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Tight oil driven production growth reduces need for US oil imports

Hydrocarbon Engineering,

In the US Energy Information Administration (EIA) Annual Energy Outlook 2014 reference case, crude oil production rises from 6.5 million bpd in 2012 to 9.6 million bpd before 2020. This is a production level not seen sine 1970.

Tight oil production growth accounts for 81% of the increase. In addition, its share of national crude oil production has grown from 35% in 2012 to 50% in 2019. In the high oil and gas case, US crude oil production reaches 11.3 million bpd in 2019 and 1.3 million bpd in the mid-2030s.

The high oil and gas resource case assumes improvements in tight oil production technology beyond those in the reference case, as well as higher well productivity rates.

Other high resource case assumptions include:

  • Identification of additional tight oil resources.
  • 50% higher estimated ultimate recover (EUR) for tight/shale oil and natural gas wells.
  • 50% lower well spacing per acre for tight/shale oil and natural gas wells, with diminishing EUR for closely spaced wells.
  • A 1% annual increase in the EURs for tight/shale oil and natural gas wells reflecting both abundant resources and technological advances.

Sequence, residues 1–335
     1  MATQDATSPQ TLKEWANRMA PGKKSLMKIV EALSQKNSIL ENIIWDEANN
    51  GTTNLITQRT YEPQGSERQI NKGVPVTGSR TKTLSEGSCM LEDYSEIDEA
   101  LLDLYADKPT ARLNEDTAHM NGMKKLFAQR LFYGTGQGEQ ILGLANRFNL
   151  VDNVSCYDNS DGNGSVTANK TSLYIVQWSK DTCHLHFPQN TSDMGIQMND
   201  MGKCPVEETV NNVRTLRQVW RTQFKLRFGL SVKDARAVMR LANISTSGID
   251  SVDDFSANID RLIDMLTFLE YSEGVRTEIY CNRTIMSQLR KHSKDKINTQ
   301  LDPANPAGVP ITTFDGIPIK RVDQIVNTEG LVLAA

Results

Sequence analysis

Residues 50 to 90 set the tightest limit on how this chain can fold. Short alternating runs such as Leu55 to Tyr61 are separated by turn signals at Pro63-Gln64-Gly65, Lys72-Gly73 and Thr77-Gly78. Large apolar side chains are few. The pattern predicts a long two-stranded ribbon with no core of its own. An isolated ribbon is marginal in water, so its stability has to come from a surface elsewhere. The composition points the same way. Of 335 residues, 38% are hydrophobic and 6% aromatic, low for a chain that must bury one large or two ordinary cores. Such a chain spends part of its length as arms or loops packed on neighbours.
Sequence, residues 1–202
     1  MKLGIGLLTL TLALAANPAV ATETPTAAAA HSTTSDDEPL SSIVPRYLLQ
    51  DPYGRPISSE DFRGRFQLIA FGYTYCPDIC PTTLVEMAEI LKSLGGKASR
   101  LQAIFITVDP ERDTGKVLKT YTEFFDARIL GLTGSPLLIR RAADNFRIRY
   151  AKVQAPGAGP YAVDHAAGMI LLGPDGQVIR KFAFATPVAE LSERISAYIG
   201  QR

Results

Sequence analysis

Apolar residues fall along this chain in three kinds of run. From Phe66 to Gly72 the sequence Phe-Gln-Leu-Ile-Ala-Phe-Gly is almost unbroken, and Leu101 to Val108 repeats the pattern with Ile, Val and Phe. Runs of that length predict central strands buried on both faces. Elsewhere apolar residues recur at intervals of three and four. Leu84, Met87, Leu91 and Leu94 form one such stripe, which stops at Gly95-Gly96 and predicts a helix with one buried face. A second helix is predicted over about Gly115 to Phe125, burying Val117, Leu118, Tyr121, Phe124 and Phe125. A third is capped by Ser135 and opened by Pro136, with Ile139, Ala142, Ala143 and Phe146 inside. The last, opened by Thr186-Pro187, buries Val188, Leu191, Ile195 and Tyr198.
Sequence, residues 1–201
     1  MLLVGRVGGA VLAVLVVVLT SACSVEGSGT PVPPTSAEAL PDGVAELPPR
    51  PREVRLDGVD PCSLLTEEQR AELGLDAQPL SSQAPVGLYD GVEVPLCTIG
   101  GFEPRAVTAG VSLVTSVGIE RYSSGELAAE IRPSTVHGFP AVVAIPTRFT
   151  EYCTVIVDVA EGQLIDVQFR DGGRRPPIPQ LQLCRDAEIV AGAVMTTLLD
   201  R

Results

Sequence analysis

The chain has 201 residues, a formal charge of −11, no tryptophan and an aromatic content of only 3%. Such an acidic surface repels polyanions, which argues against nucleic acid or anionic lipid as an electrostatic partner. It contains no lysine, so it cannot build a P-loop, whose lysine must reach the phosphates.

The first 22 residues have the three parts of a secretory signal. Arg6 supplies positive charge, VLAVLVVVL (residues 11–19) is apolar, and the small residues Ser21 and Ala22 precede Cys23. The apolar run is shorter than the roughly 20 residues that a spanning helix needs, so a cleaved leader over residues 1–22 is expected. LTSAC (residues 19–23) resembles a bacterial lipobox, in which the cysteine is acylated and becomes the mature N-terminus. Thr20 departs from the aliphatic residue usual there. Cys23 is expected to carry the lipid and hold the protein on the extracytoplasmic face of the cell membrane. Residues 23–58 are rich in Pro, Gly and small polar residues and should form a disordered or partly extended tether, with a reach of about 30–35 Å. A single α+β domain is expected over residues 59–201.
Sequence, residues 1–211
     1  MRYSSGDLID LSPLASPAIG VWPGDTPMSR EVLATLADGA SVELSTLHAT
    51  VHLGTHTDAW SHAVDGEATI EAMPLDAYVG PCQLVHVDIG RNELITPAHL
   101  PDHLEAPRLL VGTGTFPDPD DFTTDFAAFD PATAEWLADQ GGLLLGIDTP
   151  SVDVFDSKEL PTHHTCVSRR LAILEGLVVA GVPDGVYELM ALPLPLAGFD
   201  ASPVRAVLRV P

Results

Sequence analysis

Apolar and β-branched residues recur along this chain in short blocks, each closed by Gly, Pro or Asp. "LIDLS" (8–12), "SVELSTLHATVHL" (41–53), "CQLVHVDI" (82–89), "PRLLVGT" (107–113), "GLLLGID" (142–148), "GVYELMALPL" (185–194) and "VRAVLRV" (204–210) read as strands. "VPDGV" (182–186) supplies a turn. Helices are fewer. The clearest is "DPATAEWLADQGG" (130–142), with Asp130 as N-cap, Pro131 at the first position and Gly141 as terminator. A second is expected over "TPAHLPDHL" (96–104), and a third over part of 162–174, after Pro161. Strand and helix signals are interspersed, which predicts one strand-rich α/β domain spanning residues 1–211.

• Additional resources in Alaska and Lower 48 offshore fields.

Reduced need for US imports

Under the reference case, the import share of US petroleum and other liquid fuels falls to approximately 25% in the last half of the current decade, before rising again to 32% by 2040. In the high oil and gas resource case net US imports continue to decline through the mid-2030s and remain at or near zero between 2035 and 2040.

Production gains

In the high oil and gas resource case, tight oil plays an every more significant role in driving national production growth, and accounts for approximately two thirds of total US production by 2035, versus less than half of total US production in the reference case.

According to the EIA, tight oil development is still at an early stage, and the outlook remains uncertain. The EIA predicts that there is more upside potential for greater gains in production than downside potential for lower production levels.

Adapted from a press release by Emma McAleavey.

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